When I told Lovely Husband, he was not.  Lovely, I mean.  He was distant and then angry and then hostile and then distant again.  I cried a lot.

In the morning, I dragged Little Girl from government department to government department, trying to sort it out, and by the end of the day I thought it was under control.  I could legally drive again; some fines were paid; others were in abeyance pending review.

And then six weeks later, a police car pulled me over in the school yard, lights flashing, siren on, because there were more fines, ones I hadn’t known about, and I no longer had a licence.  Another day of sorting things out, another assurance that everything was under control.

This time, I didn’t tell Lovely Husband.

And it just kept spiralling.  I’d get a letter telling me that my payment plan was in arrears, when I didn’t have a payment plan.  I’d ring up to address one letter, and be informed that something else was now overdue and another fine levied.  Every time I got back up, another surprise would knock me down.  I no longer felt safe driving my children to school.  I dreaded opening the post.  I burst into tears several times a day, for no reason.  I snapped at my children.  I couldn’t sleep.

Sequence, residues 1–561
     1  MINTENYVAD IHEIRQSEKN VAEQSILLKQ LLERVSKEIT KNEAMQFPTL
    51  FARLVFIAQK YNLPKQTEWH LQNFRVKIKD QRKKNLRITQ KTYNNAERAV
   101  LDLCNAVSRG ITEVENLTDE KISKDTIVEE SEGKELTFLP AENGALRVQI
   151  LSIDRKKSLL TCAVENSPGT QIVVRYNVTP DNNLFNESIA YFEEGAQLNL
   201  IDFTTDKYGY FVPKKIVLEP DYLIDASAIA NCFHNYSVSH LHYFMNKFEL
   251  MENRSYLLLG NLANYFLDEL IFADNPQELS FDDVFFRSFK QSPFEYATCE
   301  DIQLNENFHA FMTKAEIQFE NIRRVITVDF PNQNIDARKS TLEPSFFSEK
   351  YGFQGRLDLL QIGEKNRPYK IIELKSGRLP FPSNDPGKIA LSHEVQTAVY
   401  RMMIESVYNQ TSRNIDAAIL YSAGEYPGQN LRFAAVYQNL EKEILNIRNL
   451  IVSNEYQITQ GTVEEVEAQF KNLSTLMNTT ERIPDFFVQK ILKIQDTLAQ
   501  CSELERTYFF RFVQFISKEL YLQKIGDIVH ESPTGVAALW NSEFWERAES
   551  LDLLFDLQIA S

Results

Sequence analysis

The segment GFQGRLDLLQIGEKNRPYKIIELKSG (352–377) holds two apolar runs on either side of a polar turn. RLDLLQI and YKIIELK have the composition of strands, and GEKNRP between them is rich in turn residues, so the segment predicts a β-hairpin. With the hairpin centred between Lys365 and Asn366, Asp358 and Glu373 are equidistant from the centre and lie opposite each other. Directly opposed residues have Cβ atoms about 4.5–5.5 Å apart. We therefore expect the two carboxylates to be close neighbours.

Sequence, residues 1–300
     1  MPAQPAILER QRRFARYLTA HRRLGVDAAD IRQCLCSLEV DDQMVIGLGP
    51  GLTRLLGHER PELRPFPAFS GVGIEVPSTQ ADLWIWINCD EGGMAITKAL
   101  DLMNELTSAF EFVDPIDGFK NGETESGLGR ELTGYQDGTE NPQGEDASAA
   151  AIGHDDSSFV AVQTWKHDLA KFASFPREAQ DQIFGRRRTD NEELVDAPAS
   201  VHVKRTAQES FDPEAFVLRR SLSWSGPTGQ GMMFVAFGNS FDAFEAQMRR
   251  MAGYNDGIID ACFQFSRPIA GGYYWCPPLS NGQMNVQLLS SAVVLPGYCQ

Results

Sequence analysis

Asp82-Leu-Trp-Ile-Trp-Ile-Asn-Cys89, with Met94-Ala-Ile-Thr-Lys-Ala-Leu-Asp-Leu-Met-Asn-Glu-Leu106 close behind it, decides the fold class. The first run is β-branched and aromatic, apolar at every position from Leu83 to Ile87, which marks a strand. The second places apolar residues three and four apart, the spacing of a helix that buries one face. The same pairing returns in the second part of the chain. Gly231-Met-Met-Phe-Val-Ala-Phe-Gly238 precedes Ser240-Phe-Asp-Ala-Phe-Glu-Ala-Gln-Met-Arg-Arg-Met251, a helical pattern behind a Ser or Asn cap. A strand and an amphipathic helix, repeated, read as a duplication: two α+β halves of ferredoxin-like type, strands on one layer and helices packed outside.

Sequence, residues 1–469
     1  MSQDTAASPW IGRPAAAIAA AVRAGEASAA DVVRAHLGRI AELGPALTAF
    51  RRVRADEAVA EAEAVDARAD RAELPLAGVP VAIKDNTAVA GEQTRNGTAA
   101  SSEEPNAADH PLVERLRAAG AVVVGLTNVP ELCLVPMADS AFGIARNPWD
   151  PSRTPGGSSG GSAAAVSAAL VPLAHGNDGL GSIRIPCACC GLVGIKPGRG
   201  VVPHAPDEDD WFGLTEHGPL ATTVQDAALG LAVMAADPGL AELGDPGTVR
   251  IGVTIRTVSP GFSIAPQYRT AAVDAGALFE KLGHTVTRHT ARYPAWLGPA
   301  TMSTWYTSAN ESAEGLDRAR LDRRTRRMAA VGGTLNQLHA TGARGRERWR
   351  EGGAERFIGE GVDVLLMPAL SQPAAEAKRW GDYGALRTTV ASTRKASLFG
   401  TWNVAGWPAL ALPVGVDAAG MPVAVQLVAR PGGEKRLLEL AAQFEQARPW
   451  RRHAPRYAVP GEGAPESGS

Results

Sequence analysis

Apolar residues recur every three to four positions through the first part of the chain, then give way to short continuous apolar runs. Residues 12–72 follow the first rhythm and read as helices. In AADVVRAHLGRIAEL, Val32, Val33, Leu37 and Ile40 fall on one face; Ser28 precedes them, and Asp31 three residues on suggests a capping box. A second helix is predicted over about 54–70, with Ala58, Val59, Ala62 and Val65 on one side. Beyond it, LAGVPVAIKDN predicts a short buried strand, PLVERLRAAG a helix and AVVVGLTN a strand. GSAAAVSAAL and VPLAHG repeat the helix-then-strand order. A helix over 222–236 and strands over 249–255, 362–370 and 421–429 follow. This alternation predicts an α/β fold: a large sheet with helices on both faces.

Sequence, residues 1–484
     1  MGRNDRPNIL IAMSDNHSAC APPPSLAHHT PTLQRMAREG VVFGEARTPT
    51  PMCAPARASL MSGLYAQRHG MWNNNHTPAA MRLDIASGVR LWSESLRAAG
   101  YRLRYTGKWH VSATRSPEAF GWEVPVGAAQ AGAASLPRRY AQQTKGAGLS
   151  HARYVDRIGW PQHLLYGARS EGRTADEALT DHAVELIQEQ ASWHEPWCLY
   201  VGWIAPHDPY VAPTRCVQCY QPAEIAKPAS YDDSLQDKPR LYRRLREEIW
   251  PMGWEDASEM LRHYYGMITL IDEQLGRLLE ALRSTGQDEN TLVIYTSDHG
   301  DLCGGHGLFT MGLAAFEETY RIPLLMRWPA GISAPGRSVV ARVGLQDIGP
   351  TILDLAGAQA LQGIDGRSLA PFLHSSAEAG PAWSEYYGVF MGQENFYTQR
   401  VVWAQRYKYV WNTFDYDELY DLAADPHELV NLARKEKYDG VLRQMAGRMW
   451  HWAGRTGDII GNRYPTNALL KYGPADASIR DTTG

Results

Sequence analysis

So I went to my GP, and I asked if he could give me anything for the anxiety.  Something very temporary, I said, and I added a caveat: I’m in recovery from a drinking problem, so I don’t want to take anything that will be problematic from an addiction point of view.

He wrote down Has a drinking problem.

No, I said.  I do not have a drinking problem.  I don’t drink.  What I have is a history of addiction, so I need help but I don’t want to risk anything potentially addictive.